Kaitlyn Sapier and Ryan McStay are the brains behind the world record attempt
Kaitlyn Sapier and Ryan McStay are the brains behind the world record attempt

Nudes to fall from our skies

IT WILL be raining nude skydivers over the skies of Toogoolawah next month as daredevils attempt to break a world record that has stood for 30 years.

In 1989, near Katherine in the Northern Territory, 23 Aussie skydivers set what is believed to be the current world record for the most naked skydivers joined together in formation.

Training is now under way for the event on the weekend of February 29, where participants will jump over Toogoolawah in the nude, while raising money for a great cause at the same time.

 

The current record has been held since 1989 and was done over Katherine, NT
The current record has been held since 1989 and was done over Katherine, NT

For many skydivers, a nude jump is an occasional novelty experienced when a milestone is reached. On these jumps, skydivers are usually too busy giggling to seriously consider how the lack of a jumpsuit will affect their ability to fly. After doing hundreds or even thousands of jumps in a jumpsuit, learning to fly your body without one can be like learning to fly for the first time all over again.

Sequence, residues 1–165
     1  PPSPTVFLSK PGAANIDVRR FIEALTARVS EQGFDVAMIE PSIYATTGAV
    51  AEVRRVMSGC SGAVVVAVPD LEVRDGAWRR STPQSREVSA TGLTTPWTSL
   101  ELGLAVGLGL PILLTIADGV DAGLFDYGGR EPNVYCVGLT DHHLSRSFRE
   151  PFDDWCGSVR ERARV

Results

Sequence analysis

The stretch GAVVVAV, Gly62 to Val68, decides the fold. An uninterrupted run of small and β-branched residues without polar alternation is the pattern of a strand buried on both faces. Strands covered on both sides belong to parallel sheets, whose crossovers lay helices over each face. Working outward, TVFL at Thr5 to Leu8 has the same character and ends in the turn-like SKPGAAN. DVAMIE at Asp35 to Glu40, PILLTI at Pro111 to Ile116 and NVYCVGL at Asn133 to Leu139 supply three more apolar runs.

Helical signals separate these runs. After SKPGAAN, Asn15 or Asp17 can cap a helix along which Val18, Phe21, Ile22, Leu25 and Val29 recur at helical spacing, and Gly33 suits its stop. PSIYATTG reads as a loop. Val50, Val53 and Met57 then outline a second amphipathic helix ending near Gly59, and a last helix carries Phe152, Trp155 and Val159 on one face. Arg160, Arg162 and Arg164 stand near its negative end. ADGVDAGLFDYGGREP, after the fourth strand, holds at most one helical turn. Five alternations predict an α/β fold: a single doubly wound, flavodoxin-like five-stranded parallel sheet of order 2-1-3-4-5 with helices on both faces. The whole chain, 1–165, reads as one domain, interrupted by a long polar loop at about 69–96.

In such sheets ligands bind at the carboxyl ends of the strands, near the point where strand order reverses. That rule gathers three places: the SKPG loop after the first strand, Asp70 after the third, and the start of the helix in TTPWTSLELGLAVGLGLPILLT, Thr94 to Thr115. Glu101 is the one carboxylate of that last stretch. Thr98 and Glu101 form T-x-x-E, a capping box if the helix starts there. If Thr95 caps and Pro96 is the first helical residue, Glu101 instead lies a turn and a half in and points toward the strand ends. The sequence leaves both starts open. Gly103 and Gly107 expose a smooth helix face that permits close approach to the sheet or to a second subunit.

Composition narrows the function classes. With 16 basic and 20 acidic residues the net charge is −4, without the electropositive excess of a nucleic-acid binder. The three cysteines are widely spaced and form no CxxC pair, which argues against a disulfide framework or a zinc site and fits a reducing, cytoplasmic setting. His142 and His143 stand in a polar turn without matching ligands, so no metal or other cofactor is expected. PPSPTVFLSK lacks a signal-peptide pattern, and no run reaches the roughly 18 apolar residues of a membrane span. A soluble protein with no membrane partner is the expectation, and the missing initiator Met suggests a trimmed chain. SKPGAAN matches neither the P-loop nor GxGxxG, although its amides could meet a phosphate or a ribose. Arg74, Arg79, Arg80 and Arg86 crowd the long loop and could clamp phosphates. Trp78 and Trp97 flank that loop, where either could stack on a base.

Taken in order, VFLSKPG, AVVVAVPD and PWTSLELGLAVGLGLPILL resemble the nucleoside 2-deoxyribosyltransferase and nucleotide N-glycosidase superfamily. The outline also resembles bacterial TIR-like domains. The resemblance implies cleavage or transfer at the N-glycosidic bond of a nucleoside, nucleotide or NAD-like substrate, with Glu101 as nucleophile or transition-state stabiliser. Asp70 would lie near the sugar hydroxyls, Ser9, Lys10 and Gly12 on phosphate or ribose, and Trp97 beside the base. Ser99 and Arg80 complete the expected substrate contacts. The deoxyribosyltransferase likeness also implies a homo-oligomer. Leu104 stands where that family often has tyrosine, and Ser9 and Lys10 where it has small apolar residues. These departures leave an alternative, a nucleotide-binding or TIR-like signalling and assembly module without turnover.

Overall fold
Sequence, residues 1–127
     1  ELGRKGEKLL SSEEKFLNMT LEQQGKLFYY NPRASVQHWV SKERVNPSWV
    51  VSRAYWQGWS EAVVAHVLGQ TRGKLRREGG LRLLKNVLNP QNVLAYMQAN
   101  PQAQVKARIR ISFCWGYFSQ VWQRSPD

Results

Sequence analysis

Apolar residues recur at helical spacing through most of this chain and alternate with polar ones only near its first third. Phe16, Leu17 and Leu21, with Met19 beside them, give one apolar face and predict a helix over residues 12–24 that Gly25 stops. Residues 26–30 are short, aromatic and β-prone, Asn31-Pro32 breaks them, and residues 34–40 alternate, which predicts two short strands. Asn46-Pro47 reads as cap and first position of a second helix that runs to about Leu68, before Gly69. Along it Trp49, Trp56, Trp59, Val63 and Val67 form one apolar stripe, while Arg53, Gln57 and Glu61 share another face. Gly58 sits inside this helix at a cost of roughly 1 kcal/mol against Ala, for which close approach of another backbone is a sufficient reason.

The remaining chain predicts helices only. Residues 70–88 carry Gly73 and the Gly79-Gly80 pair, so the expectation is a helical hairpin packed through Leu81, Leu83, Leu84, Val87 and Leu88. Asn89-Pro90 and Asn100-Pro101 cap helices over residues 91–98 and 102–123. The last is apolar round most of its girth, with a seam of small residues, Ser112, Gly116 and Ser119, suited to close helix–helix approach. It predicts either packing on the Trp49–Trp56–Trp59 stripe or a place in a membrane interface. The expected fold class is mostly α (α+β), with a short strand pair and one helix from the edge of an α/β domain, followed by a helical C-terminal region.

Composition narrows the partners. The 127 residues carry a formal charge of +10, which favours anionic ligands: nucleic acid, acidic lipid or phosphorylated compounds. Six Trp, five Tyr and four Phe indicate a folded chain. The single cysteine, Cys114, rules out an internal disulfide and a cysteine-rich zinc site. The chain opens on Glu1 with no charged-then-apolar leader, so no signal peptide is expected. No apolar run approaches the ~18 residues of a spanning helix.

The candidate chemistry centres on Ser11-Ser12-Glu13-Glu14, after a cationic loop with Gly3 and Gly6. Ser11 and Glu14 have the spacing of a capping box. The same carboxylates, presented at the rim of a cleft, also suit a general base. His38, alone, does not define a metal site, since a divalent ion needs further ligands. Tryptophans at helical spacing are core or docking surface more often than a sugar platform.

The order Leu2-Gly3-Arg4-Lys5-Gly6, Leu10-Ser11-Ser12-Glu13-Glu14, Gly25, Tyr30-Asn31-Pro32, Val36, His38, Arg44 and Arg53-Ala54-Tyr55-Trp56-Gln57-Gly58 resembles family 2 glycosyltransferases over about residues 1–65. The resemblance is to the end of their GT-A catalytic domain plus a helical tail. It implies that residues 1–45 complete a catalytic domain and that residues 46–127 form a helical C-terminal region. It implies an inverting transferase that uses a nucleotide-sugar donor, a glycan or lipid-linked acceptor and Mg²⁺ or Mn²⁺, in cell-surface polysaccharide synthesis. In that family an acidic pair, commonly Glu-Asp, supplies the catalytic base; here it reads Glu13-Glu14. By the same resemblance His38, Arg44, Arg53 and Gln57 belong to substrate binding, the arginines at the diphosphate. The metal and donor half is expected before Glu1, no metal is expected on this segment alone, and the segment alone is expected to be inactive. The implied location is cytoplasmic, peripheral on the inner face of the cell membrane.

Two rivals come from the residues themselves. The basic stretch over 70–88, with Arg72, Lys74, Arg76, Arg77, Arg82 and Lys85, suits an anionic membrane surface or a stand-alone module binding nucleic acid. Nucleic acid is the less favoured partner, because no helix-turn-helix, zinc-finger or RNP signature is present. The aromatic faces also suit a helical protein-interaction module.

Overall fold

Ten eager skydivers started the training camp recently at iFly, which houses a wind tunnel.

"We wore skin-tight Lycra tops and pants to simulate being naked, as iFly were understandably hesitant to allow us to fly nude in their tunnel," event organiser and passionate skydiver Ryan McStay said.

"We started out with solo drills in the tunnel including turns, slow fall and fast fall, as well as mimicking deployment and emergency procedures to familiarise ourselves with flying without a jumpsuit. We then moved on to two-way and three-way drills to get used to approaching and flying with others in formation."

 

Ryan McStay and Kaitlyn Sapier are the brains behind the world record attempt
Ryan McStay and Kaitlyn Sapier are the brains behind the world record attempt

It is hoped that the event with raise $50,000 for Multiple Sclerosis research, after Ryan's partner Kaitlyn Sapier was diagnosed with the disease in late 2018.

At the first training camp, there were several attendees all with at least 75 jumps behind them, and one with 720 jumps to their name.

Keep up to date with the record-breaking event on qt.com.au

You can support the event by doing a clothed tandem skydive on the day, donating, or following the event at MSExposed.com

 



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